Apply: Transforming Management Education – the Role of Humanities and Social Sciences, Copenhagen Business School, 4th-9th June 2013

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It`s fashionable to refer to the state of business and the financial economy as being in crisis. The metaphor of crisis triggers the cues for emergent action. But few people (can and do) take action to slow down, reflect and initiate thoughts for iterative transformation.

A partnership between the University of St Gallen Contextual Studies program, the Copenhagen Business School`s Department of Management, Politics, and Philosophy, and the Haniel Foundation Germany took the lead and did so with management education. In 2011, the European consortium of management schools embarked for a European debate on what the Carnegie Foundation Study on Rethinking Management Education initiated in the US.

“Some students are half asleep going through their educational process, not really thinking they are the ones who are driving this,” said Ellen O’Connor during a workshop at the University of St Gallen in November 2012. O’Connor continued, “The formation of a human being, the development of a society and the relationship of the individual to the larger collective – this is the asset of the humanities. We completely lost that. I don’t know where this conversation takes place, but it belongs into a business school.” A remarkable statement, as O’Connor has taught for over 30 years in the most prestigious business schools in the US. Thus, O`Connor is not the only one who looks for guidance at the European debate in reforming management education. “We are ten years behind Europe,” said book author Robert G Hastrom at the Aspen Undergraduate Business Education Consortium, which took place this March at the University of Denver, Daniels College of Business.

Student Reporter invites a group of four students to capture the essence of this movement at their next workshop taking place at Copenhagen Business School. As journalists, you will trace the origin of the movement and critically observe its action steps forward. Candidates should feel comfortable following an academic debate and transforming it into journalistic texts. Optimally, you lived through the experience of an undergraduate management program. You have a passionate interest or radical opinion on rethinking education in general and management education in particular.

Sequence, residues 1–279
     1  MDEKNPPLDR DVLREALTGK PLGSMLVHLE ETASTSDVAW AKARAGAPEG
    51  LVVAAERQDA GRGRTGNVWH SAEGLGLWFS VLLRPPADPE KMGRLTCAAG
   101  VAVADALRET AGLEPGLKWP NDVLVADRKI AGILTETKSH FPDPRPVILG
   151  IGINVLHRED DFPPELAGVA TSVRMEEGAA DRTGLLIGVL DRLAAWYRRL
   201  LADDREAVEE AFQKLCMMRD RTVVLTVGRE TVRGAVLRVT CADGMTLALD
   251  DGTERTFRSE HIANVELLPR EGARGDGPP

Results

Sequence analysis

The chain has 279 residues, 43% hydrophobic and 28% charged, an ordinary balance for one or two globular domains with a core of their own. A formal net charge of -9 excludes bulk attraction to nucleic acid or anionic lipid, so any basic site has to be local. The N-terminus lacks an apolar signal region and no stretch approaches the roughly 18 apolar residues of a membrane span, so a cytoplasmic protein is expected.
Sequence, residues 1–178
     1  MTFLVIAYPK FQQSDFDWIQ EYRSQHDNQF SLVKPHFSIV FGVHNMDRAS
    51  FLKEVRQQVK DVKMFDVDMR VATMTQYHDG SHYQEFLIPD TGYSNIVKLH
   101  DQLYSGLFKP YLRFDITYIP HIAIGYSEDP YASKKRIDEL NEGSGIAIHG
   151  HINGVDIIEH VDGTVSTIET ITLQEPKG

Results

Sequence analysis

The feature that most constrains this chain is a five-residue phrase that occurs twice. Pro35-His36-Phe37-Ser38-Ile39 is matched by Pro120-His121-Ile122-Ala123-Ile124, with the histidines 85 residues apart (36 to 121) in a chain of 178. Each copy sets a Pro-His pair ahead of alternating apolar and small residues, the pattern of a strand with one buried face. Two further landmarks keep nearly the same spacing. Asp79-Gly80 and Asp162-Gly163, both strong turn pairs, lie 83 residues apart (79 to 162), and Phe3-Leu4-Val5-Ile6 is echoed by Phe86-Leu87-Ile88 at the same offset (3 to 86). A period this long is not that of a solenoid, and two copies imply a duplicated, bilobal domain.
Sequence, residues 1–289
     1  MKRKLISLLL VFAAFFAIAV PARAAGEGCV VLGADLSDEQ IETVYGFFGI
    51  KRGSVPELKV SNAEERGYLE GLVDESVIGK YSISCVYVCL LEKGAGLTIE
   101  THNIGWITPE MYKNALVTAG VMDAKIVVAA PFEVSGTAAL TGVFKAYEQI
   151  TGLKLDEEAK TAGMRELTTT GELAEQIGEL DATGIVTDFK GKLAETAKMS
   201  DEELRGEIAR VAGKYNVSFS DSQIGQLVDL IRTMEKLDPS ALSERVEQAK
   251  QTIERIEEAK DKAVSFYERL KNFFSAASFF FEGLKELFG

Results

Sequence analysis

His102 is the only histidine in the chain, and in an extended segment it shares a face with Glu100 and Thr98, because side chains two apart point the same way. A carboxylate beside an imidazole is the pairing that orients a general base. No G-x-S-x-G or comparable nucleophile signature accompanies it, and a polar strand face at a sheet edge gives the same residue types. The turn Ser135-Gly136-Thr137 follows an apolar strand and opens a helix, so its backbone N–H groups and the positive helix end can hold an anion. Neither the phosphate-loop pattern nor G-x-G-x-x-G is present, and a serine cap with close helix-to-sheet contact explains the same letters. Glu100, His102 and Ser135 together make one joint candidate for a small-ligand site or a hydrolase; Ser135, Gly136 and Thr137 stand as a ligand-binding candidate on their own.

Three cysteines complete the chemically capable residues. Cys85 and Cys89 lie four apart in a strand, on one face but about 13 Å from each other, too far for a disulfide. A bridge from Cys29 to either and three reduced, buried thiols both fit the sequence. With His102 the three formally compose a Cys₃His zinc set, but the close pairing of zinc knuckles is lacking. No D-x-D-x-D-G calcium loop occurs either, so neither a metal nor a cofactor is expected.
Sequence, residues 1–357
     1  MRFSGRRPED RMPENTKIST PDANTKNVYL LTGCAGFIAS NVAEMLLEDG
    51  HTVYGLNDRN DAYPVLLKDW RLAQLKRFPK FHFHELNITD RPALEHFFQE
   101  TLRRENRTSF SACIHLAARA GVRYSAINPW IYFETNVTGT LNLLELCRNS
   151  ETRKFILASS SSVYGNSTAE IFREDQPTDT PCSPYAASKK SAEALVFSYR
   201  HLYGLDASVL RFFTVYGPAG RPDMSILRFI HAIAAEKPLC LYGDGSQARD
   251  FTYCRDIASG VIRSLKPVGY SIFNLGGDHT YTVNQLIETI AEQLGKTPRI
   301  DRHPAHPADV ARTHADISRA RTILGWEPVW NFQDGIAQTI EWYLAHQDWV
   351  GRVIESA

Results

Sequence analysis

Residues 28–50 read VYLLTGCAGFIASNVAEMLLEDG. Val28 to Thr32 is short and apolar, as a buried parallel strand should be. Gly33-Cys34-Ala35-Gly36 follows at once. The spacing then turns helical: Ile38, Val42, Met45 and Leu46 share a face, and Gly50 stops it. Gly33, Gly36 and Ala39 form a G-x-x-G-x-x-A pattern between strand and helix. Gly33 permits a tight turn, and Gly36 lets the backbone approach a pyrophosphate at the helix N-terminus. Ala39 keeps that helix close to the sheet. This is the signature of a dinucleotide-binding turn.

Project dates: Students will receive supervision and training by Student Reporter staff during two online webinars in May. You will meet one day before the workshops starts and stay one more day to wrap up article ideas (arrival 4th June morning – departure 9th June 2013). You are expected to write a total of four articles, including one article before the workshop.

Selected candidates are also invited to attend and report on an educational experiment at the University of St Gallen, the week after the workshop.

Compensation: Accommodation expenses in Copenhagen are covered and as well as travel costs to Copenhagen up to 200 CHF.

Application: Candidates must be enrolled in a European program in higher education. The deadline for applications is 15 April, 2013. Please send to admission@projourno.org (write “SR@ManagemtEdu” in the email subject header):

1) a resume

2) a motivation letter (including tentative article ideas), and

3) either a critical opinion article or a satirical story about (your personal) management education (experience) (max 850 words).

The program is supported by Haniel Foundation Germany within the framework of the Haniel Seminars at the University of St Gallen; for information on the Haniel Seminars click here and for the debate on integrative management education here.

Workshop Impressions, St Gallen, November 2012

Feature Image: Jean-Paul Sartre; Credit: generationrose.com.

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